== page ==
Thursday, March 3, 2011

Big tour

A. comes over to the house, a new friend that I met at meeting about a trail that leads into the NE lagoon through a place more commonly known as Yesler Swamp. She volunteers with the Friends of Yesler Swamp and volunteers get perks, if canoeing with me is a perk. I figure she more than deserves to see her project from the water.

Standing on bouncing land in the hidden "meadow" east of the burial island

We begin with the portage west to the dead lake and for the last 1/2 mile she handles the canoe on its portage cart, I think her way of getting into the trip, which is not any different from how I start trips...with a portage. A. has no shortage of enthusiasm. This will be a fun trip for me.

We set out and sneak in and amongst the shipyard of Drydock 8 and 9, a working area more interesting than other built up areas with cranes, beams, machines, and supplies constructing a visual mess that is worth stopping to study.

The wind is gradually increasing, so I steer us north up the lake. The dead lake catches the full south wind, and with the houseboats and marinas choking the shoreline, one is forced to paddle in deep water, exposed to the weather. I'd just as soon like to be around the point in calmer water should the wind increase much more. But, wonders of wonders, Portage Bay is windy, a very rare occurrence where so often the hills shelter the water. But, this is not our destination.

Once through the crossing under place, the fun begins. I point out beaver cut trees and we find that the highway department has taken down the tall alder that the beaver had aimed at the highway (and it would've reached). We pass by the workbench lodge, stop to explore the beaver trail on the west side of the burial island and we pick up the scent of castoreum while returning to the canoe. We cross back over the lagoon and I show her the eroding "artifacts" from the Miller St. landfill. By the time we enter the east channel of the burial island it is lunch time and we sit in full site of several beaver scent mounds. The channel is rather silly with the mounds, must be 15 of them...some beaver is being very territorial to say the least. It is also clear that the water level is up a good 10 inches.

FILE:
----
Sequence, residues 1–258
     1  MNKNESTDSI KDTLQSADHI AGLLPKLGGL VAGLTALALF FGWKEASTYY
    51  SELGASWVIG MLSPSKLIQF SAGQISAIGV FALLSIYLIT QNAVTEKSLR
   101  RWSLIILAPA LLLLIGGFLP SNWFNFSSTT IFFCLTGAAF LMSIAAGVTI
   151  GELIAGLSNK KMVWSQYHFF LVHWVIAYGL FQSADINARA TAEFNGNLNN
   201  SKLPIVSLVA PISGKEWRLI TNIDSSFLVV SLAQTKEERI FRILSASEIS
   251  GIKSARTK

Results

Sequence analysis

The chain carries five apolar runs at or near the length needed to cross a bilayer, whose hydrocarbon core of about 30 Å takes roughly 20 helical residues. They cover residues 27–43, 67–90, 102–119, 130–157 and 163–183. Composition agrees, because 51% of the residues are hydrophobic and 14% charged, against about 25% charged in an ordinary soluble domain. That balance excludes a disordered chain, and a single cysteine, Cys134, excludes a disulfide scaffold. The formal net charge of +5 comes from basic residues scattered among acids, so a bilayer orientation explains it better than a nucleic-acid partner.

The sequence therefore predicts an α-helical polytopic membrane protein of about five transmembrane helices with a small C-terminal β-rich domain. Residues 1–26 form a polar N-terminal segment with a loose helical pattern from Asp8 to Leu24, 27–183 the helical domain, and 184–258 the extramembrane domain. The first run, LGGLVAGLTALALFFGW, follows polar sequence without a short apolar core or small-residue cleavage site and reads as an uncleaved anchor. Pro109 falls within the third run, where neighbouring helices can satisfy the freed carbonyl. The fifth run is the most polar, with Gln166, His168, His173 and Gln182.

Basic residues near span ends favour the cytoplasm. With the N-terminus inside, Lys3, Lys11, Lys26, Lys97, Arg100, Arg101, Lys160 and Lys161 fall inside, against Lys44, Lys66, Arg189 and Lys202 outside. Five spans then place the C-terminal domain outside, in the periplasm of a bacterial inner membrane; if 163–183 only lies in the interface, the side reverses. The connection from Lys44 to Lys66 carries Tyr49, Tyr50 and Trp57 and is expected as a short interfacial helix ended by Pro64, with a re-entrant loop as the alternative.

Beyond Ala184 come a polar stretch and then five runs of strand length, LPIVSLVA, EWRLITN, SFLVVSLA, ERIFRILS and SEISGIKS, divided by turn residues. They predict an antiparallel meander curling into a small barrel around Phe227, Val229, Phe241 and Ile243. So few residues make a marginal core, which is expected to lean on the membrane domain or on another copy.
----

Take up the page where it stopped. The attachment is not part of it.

Then, it's into the east marsh, showing off the cattail island that moved a 100 feet last May, the big lodge, and the swamp "meadow" that lies hidden in the north end behind walls of cattails, a place that few know exists. We even haul an old tire out. Then a squall comes in, dark clouds, a flash of distant lightning, and a dumping rain which we miss out on by hiding under a bridge. When it passes, we continue north with an amazing rainbow spanning the entire north shore of the bay.

We pass Marsh Island, stopping long enough for me to point out the bathtubs, which A. aptly names the "bathtub graveyard". It is a name that will stick.

We edge up the islands, hoping to flush a snipe, but they have taken better shelter today. At the west lodge I point out the stand of large alders that have been coming down all winter. Then, approaching #1 island, we spot herons, and more herons. It's a game of, "there's three, no four, no, there's a fifth, there's two more there. It's at least a dozen congregated in a short stretch of shore on the two opposing points.

And then, it is to the NE lagoon, the water portion of the Friends of Yesler Swamp project. We get out on the south shore, the beaver dining room (the north lodge is in this lagoon), and now A. is convinced that the lodge is in use.

As we leave, the wind comes up again and I am most fortunate to have a bow paddler. If I was solo I would probably not be able to make headway. We part at the east end of the ancient portage in a full on rainstorm. Even now, A. continues to remark on what a fantastic day it is. I can't agree more.

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